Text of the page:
BOSTON — Rene Rancourt, like he has done so many times, walked onto the TD Garden ice to sing the Canadian and American national anthems before Wednesday night’s game between the Boston Bruins and Montreal Canadiens.
But this night had a different feel. The emotion of the crowd, and Rancourt himself, clearly was heightened.
That’s because the legendary national anthem singer will retire at the end of the season, the B’s announced Wednesday. Rancourt has been singing the “Star-Spangled Banner” and “O Canada” before Bruins games for more than 40 years, and he’s become a staple of not only the B’s culture, but also the community as well.
“It’s great, you’re walking down the street, you’re deep in thought, and you hear ‘O Canada,’ and I’ll say ‘don’t quit your day job now.’ It’s wonderful,” Rancourt said between the first and second periods of the Bruins’ 4-1 win over the Canadiens.
“The fan reaction — they take their hockey very, very seriously. It took me a while to learn that fact, but it became ingrained. Now, every time I sing the anthem, and it’s almost the last time, I imagine it’s for the last time, and I try to prepare as much as possible.”
Interestingly, Rancourt never would have imagined he’d become a legend singing the anthems before a hockey game, but it was a performance at Fenway Park that created an opportunity.
“I would never have gone to a hockey game. I was an opera singer, I was at Boston University, way deep into opera and Boston Conservatory,” Rancourt said. “I never would think to go to a hockey game, ‘what is that?’ But I sang at Fenway Park one day and the organist there, the famous organist John Kiley, said ‘can you sing for the Bruins?’ I said ‘where do they play?’ (He said) ‘you know, North Station.’ When I saw the fan reaction, it was a far cry from the grand old opera, I’ll tell you. It was unbelievable, and I said ‘these are my people.'”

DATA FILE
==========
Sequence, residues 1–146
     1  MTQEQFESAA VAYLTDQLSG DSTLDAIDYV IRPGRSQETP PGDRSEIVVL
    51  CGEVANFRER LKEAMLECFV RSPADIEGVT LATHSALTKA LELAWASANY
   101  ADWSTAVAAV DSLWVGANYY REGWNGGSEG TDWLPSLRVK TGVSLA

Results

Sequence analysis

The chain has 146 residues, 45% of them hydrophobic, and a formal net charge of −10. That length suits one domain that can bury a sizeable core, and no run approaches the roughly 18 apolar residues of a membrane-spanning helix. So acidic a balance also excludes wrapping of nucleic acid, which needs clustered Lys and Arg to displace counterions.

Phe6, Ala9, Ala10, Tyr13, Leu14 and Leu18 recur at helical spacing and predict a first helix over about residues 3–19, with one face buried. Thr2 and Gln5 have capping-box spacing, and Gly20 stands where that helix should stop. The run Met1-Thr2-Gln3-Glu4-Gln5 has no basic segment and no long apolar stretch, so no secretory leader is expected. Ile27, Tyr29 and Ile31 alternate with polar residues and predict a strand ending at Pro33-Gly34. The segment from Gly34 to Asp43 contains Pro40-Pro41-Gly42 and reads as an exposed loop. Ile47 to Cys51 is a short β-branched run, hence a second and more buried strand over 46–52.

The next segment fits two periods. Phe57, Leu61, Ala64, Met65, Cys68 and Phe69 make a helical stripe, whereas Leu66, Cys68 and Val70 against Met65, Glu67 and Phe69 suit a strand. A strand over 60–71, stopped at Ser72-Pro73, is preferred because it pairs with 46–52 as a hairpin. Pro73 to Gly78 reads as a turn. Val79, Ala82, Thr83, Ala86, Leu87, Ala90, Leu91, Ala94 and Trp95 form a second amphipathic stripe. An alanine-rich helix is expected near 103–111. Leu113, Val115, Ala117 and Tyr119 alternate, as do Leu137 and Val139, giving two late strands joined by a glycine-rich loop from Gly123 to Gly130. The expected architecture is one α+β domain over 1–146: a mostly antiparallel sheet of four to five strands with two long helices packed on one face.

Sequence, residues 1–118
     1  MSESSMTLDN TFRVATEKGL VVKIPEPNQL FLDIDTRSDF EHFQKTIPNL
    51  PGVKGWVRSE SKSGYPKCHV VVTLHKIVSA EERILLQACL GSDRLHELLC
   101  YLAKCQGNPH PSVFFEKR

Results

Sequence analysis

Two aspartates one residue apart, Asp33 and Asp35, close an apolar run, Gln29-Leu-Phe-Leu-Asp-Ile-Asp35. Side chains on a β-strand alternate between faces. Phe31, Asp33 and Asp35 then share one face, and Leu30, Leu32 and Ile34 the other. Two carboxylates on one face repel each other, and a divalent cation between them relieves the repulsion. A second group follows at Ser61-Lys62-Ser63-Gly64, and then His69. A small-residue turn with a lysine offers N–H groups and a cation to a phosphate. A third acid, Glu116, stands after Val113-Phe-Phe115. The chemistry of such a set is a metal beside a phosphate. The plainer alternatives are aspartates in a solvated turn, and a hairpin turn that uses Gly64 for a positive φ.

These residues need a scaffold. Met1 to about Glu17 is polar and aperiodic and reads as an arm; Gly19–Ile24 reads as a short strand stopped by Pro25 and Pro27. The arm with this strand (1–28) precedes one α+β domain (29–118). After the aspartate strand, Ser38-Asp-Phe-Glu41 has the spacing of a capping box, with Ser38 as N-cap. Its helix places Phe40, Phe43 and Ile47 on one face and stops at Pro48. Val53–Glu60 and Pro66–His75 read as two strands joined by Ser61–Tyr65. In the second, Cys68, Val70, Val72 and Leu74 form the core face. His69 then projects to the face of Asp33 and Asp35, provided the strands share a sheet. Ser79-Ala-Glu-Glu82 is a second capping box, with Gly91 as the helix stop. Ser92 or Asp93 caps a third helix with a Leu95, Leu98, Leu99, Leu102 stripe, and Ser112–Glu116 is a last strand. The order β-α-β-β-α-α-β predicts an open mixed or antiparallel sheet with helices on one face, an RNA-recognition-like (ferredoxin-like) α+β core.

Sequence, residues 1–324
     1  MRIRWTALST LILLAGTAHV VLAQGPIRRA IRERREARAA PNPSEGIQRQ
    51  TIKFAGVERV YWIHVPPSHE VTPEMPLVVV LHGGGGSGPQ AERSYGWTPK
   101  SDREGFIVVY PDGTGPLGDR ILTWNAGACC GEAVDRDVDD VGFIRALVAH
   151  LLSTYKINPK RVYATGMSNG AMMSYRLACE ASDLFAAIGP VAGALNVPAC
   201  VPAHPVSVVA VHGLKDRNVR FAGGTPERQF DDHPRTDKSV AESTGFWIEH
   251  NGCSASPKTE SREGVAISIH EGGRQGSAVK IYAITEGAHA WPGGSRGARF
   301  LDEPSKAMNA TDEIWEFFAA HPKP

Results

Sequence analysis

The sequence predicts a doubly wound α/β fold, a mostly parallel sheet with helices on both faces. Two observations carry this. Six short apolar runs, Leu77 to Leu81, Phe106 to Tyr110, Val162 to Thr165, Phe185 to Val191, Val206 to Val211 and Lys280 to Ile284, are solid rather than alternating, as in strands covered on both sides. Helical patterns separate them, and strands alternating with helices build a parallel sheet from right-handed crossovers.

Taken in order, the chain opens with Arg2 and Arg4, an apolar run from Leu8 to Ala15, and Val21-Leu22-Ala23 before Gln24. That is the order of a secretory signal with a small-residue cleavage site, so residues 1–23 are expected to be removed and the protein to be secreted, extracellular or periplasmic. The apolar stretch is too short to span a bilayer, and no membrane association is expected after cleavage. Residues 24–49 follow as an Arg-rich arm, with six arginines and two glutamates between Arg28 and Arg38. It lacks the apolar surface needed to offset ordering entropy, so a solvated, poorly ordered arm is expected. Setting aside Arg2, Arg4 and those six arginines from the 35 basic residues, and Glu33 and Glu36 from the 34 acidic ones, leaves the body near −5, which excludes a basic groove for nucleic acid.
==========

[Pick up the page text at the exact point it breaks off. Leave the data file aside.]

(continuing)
Rancourt has sung before a lot of memorable games, including many Stanley Cup Final matchups, but one of them clearly sticks out above the rest — the first game after the Boston Marathon bombing, when the B’s hosted the Buffalo Sabres on April 17, 2013.
“Nothing comes close to that,” Rancourt admitted. “The marathon bombing game, where the Bruins just happened to be the only professional sports team playing right after it. I think it was two days after. I was petrified to get out there. I planned, of course, to stop singing in the middle of it, but I was very, very afraid of doing that. The reaction was something I will never, ever forget. That’s my proudest memory.”
For what’s next, Rancourt said in retirement he’ll do “as little as possible.” After a legendary career, he’s earned plenty of rest and relaxation.
Thumbnail photo via Bob DeChiara/USA TODAY Sports
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